Alif the Unseen
by G. Willow Wilson
Known for her work in graphic novels, G. Willow Wilson (Cairo) uses the talent and imagination that garnered her an Eisner Award nomination for her series Air to great effect in her debut novel, an intriguing mix of fantasy, romance and spirituality wrapped up in cyberthriller packaging.
In an unidentified Muslim security state, a young hacker using the handle Alif--the first letter of the Arabic alphabet--specializes in protecting dissidents, Islamists, bloggers and anyone else willing to hire him from state surveillance. Alif is good at his job, maybe the best, but his private life has taken a sour turn. Intisar, the beautiful aristocratic girl he loves, has broken off their liaison to marry a prince chosen by her family. A half-Indian, half-Arab of no standing like Alif has no chance of challenging the prince's offer, and instead accedes to Initisar's request that she never again see his name by creating a program that blocks her from contacting him. But when Intisar sends Alif a mysterious book called The Thousand and One Days, rumored to be the djinn-authored companion to The Thousand and One Nights, his love life becomes the least of his worries. Suddenly the elusive entity known to the hackers as the Hand of God catches up to Alif at last, and he finds himself on the run from the secret police. Along for the ride is Alif's next-door neighbor and childhood friend, Dina, whose constant exasperation with Alif masks a deep affection, and whose cleverness and spiritual conviction will prove a boon. Aided by a brutal and mercurial djinn called Vikram the Vampire and a Western woman who has converted to Islam, Alif and Dina race to stay one step ahead of the Hand. Along the way, Alif tries to unlock the cipher that is The Thousand and One Days, which he believes could change the face of computer technology. But the Hand also knows about the book and will go to any extreme of pursuit, torture or dark magic to possess its secrets.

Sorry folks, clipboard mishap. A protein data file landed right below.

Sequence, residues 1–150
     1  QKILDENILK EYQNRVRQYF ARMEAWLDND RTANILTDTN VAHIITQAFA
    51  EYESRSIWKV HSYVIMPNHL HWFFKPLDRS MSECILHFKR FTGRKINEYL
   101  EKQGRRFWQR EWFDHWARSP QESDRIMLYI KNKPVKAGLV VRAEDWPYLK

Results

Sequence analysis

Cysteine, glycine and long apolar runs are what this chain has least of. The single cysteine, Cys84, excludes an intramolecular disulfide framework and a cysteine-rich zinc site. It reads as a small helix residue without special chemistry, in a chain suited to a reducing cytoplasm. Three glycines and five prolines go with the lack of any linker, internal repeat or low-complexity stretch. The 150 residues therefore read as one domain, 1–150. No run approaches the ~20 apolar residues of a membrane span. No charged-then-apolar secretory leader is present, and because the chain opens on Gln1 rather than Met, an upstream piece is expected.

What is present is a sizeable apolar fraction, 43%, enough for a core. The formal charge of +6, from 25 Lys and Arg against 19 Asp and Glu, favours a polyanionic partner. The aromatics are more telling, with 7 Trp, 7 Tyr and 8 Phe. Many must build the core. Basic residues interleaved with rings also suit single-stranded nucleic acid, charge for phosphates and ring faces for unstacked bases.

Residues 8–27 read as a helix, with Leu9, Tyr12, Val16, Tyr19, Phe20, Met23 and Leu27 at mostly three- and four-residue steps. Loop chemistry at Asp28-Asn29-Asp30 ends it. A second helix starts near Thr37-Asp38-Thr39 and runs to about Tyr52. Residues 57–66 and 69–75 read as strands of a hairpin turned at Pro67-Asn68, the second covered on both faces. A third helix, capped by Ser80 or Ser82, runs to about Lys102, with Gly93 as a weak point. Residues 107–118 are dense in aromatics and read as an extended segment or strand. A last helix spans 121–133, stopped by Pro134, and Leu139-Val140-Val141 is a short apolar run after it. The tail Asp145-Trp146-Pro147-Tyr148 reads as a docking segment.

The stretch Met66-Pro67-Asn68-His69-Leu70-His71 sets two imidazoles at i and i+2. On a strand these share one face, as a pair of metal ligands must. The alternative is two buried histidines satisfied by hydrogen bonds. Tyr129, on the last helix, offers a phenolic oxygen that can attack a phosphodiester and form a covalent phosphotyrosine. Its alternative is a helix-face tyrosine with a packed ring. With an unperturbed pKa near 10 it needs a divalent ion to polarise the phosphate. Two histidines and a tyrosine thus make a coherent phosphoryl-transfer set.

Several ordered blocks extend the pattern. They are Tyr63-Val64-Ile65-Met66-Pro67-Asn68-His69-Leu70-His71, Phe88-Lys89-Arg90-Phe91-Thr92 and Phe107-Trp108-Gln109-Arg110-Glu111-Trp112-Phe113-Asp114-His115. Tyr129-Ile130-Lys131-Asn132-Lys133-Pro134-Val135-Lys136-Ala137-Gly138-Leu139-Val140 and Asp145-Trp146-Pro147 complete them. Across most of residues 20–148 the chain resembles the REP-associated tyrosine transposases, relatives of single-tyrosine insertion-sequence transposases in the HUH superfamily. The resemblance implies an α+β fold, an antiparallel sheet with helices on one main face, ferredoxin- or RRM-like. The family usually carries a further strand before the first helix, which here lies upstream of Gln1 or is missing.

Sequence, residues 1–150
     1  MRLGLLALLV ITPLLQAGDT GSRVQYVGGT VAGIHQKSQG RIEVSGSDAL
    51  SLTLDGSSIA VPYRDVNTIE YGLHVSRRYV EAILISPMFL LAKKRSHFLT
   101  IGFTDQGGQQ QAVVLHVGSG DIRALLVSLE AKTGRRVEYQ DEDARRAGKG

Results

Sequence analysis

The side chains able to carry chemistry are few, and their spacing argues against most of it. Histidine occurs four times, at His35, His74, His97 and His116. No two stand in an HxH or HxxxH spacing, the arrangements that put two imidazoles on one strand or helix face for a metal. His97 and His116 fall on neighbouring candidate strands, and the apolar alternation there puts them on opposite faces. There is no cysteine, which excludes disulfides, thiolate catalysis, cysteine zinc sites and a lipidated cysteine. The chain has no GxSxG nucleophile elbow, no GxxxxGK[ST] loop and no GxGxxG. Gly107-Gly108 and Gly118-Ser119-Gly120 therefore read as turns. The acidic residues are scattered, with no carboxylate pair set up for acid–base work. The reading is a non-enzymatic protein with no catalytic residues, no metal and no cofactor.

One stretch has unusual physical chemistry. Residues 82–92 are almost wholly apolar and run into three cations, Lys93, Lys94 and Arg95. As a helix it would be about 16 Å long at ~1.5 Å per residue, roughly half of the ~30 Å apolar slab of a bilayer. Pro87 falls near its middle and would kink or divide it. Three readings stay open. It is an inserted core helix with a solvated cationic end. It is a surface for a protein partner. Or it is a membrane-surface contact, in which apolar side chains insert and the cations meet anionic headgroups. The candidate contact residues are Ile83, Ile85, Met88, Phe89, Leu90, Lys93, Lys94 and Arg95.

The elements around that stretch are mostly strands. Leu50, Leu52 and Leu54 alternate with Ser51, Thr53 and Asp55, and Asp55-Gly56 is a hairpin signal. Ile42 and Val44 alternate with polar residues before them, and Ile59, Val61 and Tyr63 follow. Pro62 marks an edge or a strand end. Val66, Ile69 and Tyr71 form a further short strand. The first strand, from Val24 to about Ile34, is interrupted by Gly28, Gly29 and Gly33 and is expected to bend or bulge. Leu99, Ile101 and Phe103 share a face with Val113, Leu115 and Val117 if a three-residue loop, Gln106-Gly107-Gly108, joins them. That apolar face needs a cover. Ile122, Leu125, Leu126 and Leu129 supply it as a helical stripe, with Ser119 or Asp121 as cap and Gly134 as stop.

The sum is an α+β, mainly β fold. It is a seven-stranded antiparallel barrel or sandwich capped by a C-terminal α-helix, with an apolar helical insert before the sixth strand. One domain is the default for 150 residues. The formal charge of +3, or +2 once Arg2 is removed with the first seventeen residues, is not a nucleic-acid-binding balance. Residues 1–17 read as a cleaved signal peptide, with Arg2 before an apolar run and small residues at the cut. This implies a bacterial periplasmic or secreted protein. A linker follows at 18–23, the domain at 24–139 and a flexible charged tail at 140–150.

Wilson's desert fantasy moves at the breakneck speed of a thriller through cityscapes, wilderness and ethereal realms as she skillfully laces mythology and modernity, spirituality and her own unique take on technological evolution. Rather than the time-worn ghost in the machine concept, Wilson creates a djinn in the machine fusion of magic and tech that blurs the line between the mythical and virtual, suggesting a brave new world in which mankind's oldest stories will bleed through more strongly than ever.
Like a graphic novel, Alif the Unseen relies heavily on strong characterization and witty, realistic dialogue. On the one hand, Alif epitomizes an Arab youth culture caught between the old ways and the new world. On the other, he's also a believable boy-next-door: brave but inexperienced, mystified by the opposite sex, and in love with tech toys. His interplay with pious but practical Dina sparkles as he comes to understand her true value. A pricklier love-hate relationship between ancient Vikram and the world-weary female convert offsets the youthful characters' interaction perfectly. Her protagonists are at once of disparate personalities and uniformly likable, the villain twisted and voracious in his antagonism.
While Wilson gives sly, humorous nods to geek culture--blink and you'll miss references to Star Wars and Lord of the Rings--she also boldly approaches larger issues such as religion, philosophy and the contrast between Eastern and Western culture, using fantasy as a lens through which to view reality.
Readers used to worlds based in Western mythology and populated by dragons, elves and wizards will find Wilson's Eastern urban fantasy a refreshing change with a few comfortably familiar elements. Don't miss this one-of-a-kind story, both contemporary and as ancient as the Arabian sands. --Jaclyn Fulwood